Our answer: Yes. 2017 will offer a break from the political limbo Colombia experienced last year. Despite the deep polarization currently plaguing both political elites and society at large, this year will bring major milestones for the successful implementation of the peace accord. President Juan Manuel Santos has majorities in Congress—as evidenced by the ratification late last year of the peace agreement—that will enable the legislature to pass crucial, long-needed reforms such as modernizing the agricultural sector and making the political system more inclusive. Although Uribismo will likely continue its fierce opposition to the accord—which may weaken it politically—it will not stop implementation, as those with the power to move it ahead are on board.
Fast-track authority granted to President Santos by the Constitutional Court will enable him to swiftly pass key laws required for continued implementation of the accords, as evidenced by the quick approval of an amnesty law for lower-ranking FARC members last year. While the complete implementation of the accord will take at least ten years, laws passed in 2017 will set the foundation for most of the long-term reforms, such as political participation for FARC, a new anti-drug policing strategy, and the creation of the Special Jurisdiction for Peace.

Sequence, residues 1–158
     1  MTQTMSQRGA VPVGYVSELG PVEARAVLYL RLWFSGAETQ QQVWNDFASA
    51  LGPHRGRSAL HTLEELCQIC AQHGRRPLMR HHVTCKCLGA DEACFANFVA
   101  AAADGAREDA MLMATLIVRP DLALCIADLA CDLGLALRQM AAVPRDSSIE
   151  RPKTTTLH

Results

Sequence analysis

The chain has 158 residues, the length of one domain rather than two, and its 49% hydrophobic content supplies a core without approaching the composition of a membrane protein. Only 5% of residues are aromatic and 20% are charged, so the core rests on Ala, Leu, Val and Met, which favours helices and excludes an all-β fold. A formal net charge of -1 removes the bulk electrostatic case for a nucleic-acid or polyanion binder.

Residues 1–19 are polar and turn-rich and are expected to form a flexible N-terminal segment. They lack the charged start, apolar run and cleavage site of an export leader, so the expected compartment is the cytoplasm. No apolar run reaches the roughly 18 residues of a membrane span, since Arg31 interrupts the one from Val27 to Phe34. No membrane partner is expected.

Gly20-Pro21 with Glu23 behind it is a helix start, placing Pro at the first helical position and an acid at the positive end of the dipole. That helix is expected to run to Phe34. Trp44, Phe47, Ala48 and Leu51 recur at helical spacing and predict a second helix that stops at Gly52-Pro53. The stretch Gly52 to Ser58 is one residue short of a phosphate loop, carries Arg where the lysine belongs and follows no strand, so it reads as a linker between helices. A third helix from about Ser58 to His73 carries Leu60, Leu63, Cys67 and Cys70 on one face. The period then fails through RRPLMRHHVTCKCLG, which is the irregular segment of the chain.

Our answer: Yes. Brazilians will celebrate when the worst recession in the country’s history indeed abates in 2017. The pain may linger a bit longer though: Brazil’s economy shrank 3.8 percent in 2015 and about 3.2 percent in 2016, while unemployment affected roughly 12 million people. Recovery will take time and no one thinks growth will surpass 2 percent annually for at least another five years. However, there are already signs of a recovery, including lower inflation, and many reforms Brazil needs to get itself back on track are in the works. The first such reform—a cap on public expenditures for at least ten years—has already passed in Congress, in spite of the controversy surrounding the topic. Next, we anticipate pension reform to be approved in 2017, and labor reform will come right after that.